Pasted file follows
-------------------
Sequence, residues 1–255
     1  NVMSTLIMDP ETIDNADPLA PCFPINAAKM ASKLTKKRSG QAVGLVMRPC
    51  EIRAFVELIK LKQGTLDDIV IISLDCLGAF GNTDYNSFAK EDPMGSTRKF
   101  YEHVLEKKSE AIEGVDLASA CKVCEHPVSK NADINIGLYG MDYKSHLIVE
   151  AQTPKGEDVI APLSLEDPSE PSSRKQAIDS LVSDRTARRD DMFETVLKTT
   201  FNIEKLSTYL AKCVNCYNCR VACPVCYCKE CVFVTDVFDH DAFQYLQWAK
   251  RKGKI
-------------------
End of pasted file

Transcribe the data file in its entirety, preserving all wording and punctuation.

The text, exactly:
Sequence, residues 1–255
     1  NVMSTLIMDP ETIDNADPLA PCFPINAAKM ASKLTKKRSG QAVGLVMRPC
    51  EIRAFVELIK LKQGTLDDIV IISLDCLGAF GNTDYNSFAK EDPMGSTRKF
   101  YEHVLEKKSE AIEGVDLASA CKVCEHPVSK NADINIGLYG MDYKSHLIVE
   151  AQTPKGEDVI APLSLEDPSE PSSRKQAIDS LVSDRTARRD DMFETVLKTT
   201  FNIEKLSTYL AKCVNCYNCR VACPVCYCKE CVFVTDVFDH DAFQYLQWAK
   251  RKGKI